The U.S. believes Iran's Ministry of Intelligence and Security was directly involved in the killing of an Iranian dissident last November in Turkey, a senior administration official told Reuters Wednesday.
Masoud Molavi Vardanjani was shot dead on an Istanbul street on Nov. 14, 2019. Citing Turkish officials, Reuters last week reported that two intelligence officers in Iran's consulate in Istanbul had instigated his killing.
"Given Iran's history of targeted assassinations of Iranian dissidents and the methods used in Turkey, the U.S. government believes that Iran's Ministry of Intelligence and Security (MOIS) was directly involved in Vardanjani's killing," a senior administration official told Reuters.
The U.S. had not previously disclosed its assessment on who might have been behind the incident. A week after the killing, U.S. Secretary of State Mike Pompeo had described it as "another tragic example in a long string of suspected Iran-backed assassination attempts” of Iranian dissidents. He had not elaborated further.
Late on Wednesday, Pompeo in a tweet said he found the reports that Iranian diplomats were involved in the killing of the dissident disturbing, but that they were "fully consistent" with their assignments. "Iran's 'diplomats' are agents of terror and have conducted multiple assassinations and bomb plots in Europe over the past decade," Pompeo said.
A police report by the Turkish authorities into the killing published two weeks ago said Vardanjani had an "unusual profile.” It said he had worked in cybersecurity at Iran’s Defense Ministry and had become a vocal critic of the Iranian authorities.
Turkish authorities did not publicly accuse the Iranian government of involvement at the time, but the Turkish officials last week told Reuters that Ankara would now raise Vardanjani’s killing with Iran.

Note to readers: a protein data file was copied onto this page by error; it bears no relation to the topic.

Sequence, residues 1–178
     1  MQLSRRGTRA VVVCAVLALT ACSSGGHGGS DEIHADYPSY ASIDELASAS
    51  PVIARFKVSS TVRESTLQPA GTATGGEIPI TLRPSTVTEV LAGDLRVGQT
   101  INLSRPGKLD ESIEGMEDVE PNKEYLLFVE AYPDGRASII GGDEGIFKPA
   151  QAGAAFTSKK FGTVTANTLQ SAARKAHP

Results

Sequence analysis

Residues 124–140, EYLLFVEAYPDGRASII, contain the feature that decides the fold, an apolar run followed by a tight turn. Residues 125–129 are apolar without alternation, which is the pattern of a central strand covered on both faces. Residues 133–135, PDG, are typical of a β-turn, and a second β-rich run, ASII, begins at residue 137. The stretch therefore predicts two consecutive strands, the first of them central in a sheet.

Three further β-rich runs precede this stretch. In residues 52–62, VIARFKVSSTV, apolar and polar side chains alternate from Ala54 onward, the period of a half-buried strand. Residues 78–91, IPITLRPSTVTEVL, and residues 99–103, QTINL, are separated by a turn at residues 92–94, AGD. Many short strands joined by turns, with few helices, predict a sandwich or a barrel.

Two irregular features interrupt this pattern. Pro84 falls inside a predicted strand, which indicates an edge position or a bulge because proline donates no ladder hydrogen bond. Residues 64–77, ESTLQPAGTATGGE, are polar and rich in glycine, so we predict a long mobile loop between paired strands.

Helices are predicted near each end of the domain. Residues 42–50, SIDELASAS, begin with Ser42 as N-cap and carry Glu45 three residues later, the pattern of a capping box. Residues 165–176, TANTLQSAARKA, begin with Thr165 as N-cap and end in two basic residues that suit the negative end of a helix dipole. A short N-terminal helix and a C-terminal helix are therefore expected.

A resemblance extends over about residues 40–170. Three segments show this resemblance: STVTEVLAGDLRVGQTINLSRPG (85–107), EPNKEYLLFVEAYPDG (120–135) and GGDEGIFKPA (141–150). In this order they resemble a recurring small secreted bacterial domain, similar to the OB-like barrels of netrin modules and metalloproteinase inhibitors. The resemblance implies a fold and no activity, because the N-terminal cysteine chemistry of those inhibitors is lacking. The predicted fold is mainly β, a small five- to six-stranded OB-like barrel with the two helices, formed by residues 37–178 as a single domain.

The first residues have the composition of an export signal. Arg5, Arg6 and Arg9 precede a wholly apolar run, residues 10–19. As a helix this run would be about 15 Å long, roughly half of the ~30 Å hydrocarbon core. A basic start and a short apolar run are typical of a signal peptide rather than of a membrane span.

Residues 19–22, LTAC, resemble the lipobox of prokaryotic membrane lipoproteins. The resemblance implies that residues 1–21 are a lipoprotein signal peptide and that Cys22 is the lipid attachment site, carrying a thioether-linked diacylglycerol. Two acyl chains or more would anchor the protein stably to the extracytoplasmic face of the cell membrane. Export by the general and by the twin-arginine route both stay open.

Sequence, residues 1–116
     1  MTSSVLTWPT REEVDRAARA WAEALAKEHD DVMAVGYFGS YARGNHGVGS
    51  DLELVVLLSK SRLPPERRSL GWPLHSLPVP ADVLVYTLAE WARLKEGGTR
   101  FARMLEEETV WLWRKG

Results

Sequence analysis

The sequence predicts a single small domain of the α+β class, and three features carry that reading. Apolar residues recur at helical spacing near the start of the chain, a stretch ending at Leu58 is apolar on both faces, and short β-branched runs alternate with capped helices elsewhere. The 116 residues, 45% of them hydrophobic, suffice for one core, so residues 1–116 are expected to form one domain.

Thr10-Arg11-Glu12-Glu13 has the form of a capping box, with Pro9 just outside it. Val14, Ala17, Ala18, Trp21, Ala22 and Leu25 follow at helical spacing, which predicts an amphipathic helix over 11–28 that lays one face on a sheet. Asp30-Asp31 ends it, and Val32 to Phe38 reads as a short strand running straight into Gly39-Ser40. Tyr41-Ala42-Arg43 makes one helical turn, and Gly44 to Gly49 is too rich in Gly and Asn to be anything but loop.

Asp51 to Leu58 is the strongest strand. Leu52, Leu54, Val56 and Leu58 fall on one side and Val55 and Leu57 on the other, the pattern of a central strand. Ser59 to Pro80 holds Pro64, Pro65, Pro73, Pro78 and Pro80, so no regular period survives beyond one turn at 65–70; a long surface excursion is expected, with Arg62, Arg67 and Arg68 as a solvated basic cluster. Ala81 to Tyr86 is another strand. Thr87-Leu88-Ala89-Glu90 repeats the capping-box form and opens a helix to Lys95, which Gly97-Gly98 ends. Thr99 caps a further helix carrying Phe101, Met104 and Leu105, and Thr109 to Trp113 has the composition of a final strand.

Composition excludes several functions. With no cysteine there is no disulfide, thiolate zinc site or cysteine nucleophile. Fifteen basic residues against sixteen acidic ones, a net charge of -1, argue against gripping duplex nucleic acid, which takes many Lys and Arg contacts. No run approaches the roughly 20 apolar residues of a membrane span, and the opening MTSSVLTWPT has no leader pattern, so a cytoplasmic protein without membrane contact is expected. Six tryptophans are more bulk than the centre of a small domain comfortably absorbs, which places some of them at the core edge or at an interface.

A special report by the Sabah newspaper published on Tuesday sheds light on the details of the murder. Vardanjani was a former intelligence operative for Iran before he moved to Turkey and launched social media accounts exposing corruption involving Iranian officials, the report in the Sabah newspaper says. Without his knowledge, Ali Esfanjani, a fellow Iranian Vardanjani met in Istanbul, was feeding information about him to two Iranian businessmen working as informants for Iranian intelligence.
Investigating the murder, Turkish security forces combed hours of security camera footage, searched 49 locations and interviewed dozens of people. The investigation revealed that Esfanjani met Vardanjani’s killer Abdulvahhab Koçak, allegedly a lieutenant of fugitive Iranian drug lord Naji Sharifi Zindashti, on Nov. 13, 2019, the day of the murder.
The two men met in a shopping mall and talked for about half an hour. Then, Esfanjani met Vardanjani and the two started walking on the street when Koçak approached from behind and fired 11 shots at Vardanjani. After the murder, Esfanjani obtained fake travel documents from the Iranian Consulate in Istanbul. With the help of suspects linked to Iranian intelligence, he escaped to Iran, carrying an ID under a fake name. Siyavash Abazari Shalamzari, who organized Esfanjani’s escape to Iran, was among those captured by security forces.
The investigation also shows Abdulvahhab Koçak – who was later captured by police – hid out in a residence owned by Naji Sharifi Zindashti after killing Vardanjani. Koçak’s brother Ali was also a suspect in the Istanbul murder of Saeed Karimian, owner of a Persian-language TV station. The report in Sabah, based on the testimony of Shalamzari, says at least six Iranian intelligence officers helped Esfanjani escape to Iran after the murder.
The U.S. assessment comes amid its "maximum pressure" campaign against Tehran, through which President Donald Trump aims to force Iran to limit its missile program and curb its use of proxy forces in Iraq, Yemen and Lebanon.
Tensions between Washington and Tehran have remained high since Trump in 2018 unilaterally pulled out of a 2015 nuclear deal to limit Iran's nuclear program.
In recent weeks, the U.S. has repeatedly tightened sanctions on Iran, despite calls from Iranian authorities, the U.N. and China asking it to ease them as Iran became the hardest-hit nation in the Middle East by the coronavirus pandemic.